It was a tremendous task that took ages. Initially I pulled out about 500 shots that were in some way intriguing, or simply showed a good idea of the look of the land as I drove. Then I grouped those into categories (generic road shots, bridges, underpasses, motion blur, weather, neat details, Route 66 icons, road shields, Americana, construction work, night, big city, old buildings, weird effects, etc.). From each grouping, I then selected a few to represent each category, and even then I had way too many. Eventually I printed up 4×6 prints of about 60 select pictures, then sorted through those and eliminated enough to get down to my chosen number of 37 prints. (By the way, 37 was just the practical number I came up with, given the dimensions, design and budget I had to work with. I could EASILY have done a much larger grid… and I think I may next time – perhaps hundreds of small 4×6 prints, instead of tens of 8×10 prints).
I then laid all 37 out on my kitchen table and left them there for days, moving them around, trying to get the best sequence that was visually interesting, without having any two images that were too similar too close together, or in the same row or column (not to mention avoiding putting two photos taken in the same state next to each other). I felt like I was doing some weird art Sudoku. Once I settled on a final arrangement, I printed the enlargements and with the help of the wonderful AGW staff, got them all nicely aligned and pinned to the wall. The curator wanted an “uneven” grid pattern for the photos, which gives the sense of a snippet of time, implying that the project isn’t complete – which it isn’t. This is still a work in progress, like the video.
I still need to delete some overlap and extra bits in the video sequence. The “click…click…click” of the camera’s shutter was my constant soundtrack, and although I worried that it might drive me crazy (à la water torture), I got used to it surprisingly quickly – so much so in fact, I sometimes forgot to shut it off when I stopped or took a wrong turn. On the flipside, I once forgot to turn it back on after stopping, and had to retrace several miles of the trip to be sure it was recorded. And then there were the road closures and detours. Fun stuff.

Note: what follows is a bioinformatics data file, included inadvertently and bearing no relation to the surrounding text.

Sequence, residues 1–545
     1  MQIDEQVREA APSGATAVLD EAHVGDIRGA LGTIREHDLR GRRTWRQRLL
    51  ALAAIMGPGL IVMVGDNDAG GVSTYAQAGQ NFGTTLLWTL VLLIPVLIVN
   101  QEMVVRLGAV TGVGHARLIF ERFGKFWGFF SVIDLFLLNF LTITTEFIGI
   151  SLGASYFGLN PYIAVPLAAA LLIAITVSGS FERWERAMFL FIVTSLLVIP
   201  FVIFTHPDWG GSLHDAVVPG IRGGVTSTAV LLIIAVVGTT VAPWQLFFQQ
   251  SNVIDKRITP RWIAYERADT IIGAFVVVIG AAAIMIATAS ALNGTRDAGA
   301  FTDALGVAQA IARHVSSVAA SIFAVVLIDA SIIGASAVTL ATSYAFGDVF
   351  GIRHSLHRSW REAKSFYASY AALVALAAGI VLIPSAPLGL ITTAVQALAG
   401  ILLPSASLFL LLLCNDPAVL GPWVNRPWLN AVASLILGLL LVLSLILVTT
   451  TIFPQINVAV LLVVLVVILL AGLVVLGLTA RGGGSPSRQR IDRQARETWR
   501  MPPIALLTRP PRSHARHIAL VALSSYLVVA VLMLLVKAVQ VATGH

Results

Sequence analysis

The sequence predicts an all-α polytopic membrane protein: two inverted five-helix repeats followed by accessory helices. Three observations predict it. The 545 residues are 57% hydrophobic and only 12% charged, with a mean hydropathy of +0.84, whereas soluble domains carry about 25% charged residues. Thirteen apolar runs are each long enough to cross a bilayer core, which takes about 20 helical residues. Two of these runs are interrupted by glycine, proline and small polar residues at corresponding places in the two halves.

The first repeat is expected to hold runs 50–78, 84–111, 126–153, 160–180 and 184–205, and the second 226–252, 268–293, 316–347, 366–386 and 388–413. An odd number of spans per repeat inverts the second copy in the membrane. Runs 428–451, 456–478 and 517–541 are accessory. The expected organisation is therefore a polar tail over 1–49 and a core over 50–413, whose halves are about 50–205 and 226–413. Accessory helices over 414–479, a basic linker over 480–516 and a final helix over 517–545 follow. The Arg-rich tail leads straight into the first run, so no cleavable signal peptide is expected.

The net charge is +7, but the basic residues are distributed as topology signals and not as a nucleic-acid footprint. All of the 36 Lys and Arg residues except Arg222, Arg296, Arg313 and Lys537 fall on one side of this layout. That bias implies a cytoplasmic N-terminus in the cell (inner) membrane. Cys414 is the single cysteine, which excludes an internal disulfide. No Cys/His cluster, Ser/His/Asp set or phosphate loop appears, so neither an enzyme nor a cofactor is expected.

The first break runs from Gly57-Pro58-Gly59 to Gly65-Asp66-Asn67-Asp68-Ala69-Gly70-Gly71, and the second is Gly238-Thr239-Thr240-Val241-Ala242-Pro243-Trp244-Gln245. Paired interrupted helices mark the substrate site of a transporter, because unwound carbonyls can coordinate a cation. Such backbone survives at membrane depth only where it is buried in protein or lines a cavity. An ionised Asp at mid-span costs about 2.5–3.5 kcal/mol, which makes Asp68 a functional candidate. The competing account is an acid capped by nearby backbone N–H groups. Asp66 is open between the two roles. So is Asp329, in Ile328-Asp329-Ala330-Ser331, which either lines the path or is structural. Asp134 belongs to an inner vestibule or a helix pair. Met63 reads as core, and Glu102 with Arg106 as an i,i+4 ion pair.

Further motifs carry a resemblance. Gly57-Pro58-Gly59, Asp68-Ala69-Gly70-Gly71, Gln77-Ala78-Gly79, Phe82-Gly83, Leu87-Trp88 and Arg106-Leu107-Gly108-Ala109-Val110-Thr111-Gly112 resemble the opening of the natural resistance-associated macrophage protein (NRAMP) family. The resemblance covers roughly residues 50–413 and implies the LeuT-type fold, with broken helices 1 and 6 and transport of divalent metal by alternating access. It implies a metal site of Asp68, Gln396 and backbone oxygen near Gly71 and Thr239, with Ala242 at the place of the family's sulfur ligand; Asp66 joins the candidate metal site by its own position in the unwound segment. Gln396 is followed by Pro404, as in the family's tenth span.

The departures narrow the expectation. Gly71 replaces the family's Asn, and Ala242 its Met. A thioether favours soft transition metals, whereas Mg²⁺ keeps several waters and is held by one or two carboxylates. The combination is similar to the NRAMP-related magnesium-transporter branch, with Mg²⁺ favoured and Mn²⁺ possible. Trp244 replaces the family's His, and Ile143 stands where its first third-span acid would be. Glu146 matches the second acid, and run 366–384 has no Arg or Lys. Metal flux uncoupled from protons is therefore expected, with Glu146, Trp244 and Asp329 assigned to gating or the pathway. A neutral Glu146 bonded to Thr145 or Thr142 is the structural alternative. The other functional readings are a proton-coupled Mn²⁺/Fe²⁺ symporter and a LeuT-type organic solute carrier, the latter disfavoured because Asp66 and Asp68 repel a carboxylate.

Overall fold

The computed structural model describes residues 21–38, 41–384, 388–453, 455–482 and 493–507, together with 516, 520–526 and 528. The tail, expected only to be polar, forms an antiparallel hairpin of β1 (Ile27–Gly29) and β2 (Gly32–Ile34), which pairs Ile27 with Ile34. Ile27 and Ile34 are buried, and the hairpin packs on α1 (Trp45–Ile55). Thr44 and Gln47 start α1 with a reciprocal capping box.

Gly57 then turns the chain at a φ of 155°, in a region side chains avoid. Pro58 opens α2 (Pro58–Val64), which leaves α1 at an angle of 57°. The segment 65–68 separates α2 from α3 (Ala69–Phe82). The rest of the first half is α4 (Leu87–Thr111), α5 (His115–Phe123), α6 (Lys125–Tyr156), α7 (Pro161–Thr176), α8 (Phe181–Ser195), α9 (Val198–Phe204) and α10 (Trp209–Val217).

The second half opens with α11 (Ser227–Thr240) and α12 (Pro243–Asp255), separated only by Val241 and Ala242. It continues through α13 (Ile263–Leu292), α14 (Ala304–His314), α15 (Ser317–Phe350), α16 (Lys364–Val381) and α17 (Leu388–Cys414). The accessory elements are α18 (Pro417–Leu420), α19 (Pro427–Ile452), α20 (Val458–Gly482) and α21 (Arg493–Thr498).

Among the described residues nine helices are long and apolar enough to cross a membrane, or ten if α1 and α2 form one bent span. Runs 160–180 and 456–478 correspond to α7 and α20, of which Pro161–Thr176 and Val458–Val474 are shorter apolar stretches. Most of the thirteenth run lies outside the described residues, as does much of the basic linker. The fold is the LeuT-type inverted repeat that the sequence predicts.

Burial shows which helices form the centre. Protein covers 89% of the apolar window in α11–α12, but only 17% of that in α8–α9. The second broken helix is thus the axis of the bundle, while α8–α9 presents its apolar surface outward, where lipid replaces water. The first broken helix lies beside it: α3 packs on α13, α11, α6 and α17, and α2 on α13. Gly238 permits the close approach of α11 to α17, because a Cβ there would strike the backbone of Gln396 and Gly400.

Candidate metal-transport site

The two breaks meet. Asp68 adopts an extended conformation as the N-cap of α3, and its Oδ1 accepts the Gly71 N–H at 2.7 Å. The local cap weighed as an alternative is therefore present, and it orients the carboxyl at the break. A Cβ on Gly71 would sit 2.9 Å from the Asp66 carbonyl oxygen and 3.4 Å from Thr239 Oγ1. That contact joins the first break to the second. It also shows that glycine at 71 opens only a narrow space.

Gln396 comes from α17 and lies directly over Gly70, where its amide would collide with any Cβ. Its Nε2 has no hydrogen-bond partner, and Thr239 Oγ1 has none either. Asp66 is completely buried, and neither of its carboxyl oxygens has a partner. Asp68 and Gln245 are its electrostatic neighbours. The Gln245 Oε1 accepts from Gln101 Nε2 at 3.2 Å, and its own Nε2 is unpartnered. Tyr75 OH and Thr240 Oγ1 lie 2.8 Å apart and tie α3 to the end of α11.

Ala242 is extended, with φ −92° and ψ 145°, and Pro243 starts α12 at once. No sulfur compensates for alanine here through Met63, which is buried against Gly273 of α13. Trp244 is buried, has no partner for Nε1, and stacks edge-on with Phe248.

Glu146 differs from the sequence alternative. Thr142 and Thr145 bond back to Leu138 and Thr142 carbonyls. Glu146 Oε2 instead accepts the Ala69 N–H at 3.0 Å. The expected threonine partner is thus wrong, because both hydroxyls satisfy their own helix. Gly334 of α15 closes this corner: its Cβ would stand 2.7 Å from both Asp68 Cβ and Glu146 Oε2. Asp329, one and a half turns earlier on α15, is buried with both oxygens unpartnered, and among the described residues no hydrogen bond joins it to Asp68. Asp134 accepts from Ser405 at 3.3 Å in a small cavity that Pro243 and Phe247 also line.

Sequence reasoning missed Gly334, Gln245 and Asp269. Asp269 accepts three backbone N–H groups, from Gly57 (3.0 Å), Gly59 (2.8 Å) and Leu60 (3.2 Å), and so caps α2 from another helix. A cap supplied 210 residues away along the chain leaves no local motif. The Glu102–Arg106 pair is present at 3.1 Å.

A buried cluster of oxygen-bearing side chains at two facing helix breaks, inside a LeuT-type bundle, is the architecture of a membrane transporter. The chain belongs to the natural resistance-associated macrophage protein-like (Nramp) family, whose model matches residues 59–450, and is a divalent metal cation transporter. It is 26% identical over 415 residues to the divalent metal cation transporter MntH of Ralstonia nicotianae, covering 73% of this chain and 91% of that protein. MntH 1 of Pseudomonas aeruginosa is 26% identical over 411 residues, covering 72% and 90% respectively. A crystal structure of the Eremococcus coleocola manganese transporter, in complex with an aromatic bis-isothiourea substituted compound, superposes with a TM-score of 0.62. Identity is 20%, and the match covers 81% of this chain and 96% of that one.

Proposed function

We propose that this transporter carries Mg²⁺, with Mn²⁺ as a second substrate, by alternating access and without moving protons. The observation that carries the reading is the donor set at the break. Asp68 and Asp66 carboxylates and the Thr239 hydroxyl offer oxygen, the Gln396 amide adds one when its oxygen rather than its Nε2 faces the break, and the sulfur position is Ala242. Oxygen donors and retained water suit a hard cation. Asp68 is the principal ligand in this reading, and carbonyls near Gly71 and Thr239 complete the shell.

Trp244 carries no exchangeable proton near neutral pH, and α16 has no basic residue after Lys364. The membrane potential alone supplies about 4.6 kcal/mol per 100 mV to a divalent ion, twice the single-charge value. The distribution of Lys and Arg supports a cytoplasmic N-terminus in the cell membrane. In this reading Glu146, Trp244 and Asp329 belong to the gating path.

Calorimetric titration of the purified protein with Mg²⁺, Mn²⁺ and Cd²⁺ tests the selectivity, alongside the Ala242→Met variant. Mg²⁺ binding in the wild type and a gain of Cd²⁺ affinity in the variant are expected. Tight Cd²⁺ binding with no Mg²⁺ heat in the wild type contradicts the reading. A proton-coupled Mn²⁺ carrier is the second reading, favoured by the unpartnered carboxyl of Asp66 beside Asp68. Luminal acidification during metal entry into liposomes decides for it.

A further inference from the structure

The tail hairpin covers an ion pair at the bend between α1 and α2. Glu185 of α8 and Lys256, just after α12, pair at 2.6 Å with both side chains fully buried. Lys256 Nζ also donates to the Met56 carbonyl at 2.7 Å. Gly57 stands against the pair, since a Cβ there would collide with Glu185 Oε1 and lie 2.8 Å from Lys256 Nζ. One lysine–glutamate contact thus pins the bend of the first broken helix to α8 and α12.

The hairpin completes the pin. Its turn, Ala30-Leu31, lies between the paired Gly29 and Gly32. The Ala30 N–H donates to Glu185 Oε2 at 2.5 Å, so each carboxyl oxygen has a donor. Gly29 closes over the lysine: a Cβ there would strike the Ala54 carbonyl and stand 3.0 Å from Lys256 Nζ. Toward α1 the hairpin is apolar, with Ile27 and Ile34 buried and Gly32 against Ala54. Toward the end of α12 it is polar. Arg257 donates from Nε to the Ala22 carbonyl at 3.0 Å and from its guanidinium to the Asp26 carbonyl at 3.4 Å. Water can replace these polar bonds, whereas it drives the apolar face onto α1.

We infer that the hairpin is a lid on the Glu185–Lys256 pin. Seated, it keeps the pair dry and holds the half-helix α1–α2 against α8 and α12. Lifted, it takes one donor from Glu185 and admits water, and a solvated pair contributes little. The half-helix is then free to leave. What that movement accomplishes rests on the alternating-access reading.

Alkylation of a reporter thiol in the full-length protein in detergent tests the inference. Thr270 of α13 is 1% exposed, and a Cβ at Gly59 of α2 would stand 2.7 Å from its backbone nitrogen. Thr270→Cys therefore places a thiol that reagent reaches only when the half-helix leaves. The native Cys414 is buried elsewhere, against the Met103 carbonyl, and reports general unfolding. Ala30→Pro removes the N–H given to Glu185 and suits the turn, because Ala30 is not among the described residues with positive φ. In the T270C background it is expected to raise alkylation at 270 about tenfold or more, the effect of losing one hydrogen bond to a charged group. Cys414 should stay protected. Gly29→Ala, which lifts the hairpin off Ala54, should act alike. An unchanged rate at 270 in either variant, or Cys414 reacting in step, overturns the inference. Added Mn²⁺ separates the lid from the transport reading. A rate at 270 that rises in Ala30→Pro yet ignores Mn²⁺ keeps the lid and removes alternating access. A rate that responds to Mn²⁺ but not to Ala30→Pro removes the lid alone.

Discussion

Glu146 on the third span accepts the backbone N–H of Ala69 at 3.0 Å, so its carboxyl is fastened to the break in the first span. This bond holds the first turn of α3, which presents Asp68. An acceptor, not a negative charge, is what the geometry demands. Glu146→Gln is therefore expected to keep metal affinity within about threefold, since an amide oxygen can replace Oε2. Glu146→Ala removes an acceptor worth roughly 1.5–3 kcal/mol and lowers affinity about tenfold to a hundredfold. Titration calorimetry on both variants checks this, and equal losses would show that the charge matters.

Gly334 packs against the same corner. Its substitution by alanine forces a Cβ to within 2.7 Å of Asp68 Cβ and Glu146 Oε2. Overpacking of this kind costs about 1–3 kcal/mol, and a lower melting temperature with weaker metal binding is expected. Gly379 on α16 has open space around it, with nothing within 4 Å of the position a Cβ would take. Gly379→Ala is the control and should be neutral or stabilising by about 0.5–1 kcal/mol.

As I drove, I tried to be mindful of the windshield’s cleanliness for the sake of the time lapse pictures, but sometimes bug splats went unnoticed until miles later. I figure, though, that seeing yellow smears hover in the visual field for awhile just lends authenticity to the viewing experience. Once while I was stopped on the side of the road to clean the windshield, I did leave the camera clicking. In that same spirit of verisimilitude, I decided to include one of those stills in the AGW piece. The shot of my Windex-wiping hand is image #31 in the grid.
I hesitate to show much of the time lapse online, since it pales in comparison to the clarity at full resolution… but for those interested, I just posted a few segments on my YouTube channel.
Route 66 News emailed me today, asking how the time lapse was coming along. Thanks for your interest, Ron – I can’t wait to see the final product, either!